• emotional perception;
  • emotion regulation;
  • depression;
  • eating disorders;
  • anger



Emotion regulation is a key issue for many psychiatric and psychosomatic disorders, including eating disorders. Eating disordered patients (EDP) show high levels of depressive comorbidity, and there is much uncertainty about disorder-specific deficits. This study is aimed at delineating disorder-specific disturbances of emotional perception in EDP.


Fifty-two EDP were compared with 35 depressed patients (DP) and 25 healthy controls. They rated their emotional experience when viewing visual emotional stimuli. Emphasis was placed on the patients' perception of their own emotions and not on the recognition of emotions in others. Severity of depression was assessed by the Beck Depression Inventory.


Eating disordered patients and DP reported less anger than healthy controls—independent of the severity of depression. In addition, DP showed increased levels of disgust when confronted with anger stimuli. Happiness was rated less in EDP and DP, which was associated with severity of depression. There were no differences between the EDP subgroups bulimia nervosa and anorexia nervosa.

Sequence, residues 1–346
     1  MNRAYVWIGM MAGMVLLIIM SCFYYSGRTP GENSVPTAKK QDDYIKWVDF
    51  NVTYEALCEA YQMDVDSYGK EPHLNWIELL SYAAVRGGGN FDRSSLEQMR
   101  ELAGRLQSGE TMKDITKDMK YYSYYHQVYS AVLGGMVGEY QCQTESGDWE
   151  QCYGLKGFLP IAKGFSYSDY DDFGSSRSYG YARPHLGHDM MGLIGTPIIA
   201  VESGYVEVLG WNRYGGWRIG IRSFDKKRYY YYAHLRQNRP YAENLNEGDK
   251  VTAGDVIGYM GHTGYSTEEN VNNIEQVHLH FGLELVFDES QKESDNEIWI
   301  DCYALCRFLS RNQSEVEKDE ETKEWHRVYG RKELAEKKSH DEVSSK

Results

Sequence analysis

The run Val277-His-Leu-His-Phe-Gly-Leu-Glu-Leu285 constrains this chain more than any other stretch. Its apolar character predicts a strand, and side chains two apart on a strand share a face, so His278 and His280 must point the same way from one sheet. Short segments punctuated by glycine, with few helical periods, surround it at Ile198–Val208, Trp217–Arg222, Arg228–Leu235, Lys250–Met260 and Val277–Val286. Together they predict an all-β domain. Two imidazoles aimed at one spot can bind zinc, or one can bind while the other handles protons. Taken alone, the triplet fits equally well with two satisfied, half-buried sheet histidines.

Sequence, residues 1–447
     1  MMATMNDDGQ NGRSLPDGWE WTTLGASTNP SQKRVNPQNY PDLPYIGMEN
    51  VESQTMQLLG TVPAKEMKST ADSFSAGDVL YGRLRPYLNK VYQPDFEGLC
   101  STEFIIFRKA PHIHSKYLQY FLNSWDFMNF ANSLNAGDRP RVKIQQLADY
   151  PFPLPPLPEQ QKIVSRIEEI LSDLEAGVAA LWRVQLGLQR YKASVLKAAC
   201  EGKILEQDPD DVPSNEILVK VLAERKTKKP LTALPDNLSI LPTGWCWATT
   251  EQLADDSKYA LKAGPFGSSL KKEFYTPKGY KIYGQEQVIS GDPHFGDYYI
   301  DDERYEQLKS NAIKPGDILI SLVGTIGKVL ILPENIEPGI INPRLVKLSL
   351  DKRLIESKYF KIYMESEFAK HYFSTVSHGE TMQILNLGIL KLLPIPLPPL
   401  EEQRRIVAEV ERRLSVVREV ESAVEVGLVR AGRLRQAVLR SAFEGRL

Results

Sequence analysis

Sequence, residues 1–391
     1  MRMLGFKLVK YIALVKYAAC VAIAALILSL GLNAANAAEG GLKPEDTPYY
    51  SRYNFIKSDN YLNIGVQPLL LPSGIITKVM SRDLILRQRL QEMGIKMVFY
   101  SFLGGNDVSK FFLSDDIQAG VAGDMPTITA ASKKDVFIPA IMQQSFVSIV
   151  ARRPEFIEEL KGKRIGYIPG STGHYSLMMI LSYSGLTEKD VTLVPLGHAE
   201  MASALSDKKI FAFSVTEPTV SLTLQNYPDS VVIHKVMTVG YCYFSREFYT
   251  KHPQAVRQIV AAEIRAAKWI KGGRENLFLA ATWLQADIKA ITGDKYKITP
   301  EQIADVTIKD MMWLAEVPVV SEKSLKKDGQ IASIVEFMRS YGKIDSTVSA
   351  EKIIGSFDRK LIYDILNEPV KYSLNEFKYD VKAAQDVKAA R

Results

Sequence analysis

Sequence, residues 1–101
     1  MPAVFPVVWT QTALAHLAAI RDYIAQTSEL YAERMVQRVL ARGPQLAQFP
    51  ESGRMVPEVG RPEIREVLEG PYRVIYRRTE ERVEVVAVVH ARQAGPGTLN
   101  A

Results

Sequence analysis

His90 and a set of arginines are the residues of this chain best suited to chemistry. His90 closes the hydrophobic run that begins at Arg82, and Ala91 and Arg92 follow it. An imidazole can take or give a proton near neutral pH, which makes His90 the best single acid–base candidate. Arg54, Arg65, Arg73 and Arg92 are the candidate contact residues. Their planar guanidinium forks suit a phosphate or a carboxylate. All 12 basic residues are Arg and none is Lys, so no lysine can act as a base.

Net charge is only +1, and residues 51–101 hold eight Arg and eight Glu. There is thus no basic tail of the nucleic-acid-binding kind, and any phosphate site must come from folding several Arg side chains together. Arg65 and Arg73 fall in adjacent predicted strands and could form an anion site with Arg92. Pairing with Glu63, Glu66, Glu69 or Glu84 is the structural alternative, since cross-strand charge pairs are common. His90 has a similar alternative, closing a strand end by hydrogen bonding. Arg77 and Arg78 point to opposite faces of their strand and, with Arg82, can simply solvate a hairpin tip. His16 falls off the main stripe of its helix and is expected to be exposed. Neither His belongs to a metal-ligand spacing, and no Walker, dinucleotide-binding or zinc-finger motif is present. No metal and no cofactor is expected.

Eating disordered patients and DP showed alterations of emotional perception of anger, an emotion which is closely linked to interpersonal difficulties. Alterations in emotional perception of EDP and DP might be due to more general emotion regulation disturbances. In order to detect more subtle differences between psychiatric subgroups, more sophisticated investigation tools are needed. Increased disgust ratings in DP merit further investigation. Copyright © 2011 John Wiley & Sons, Ltd and Eating Disorders Association.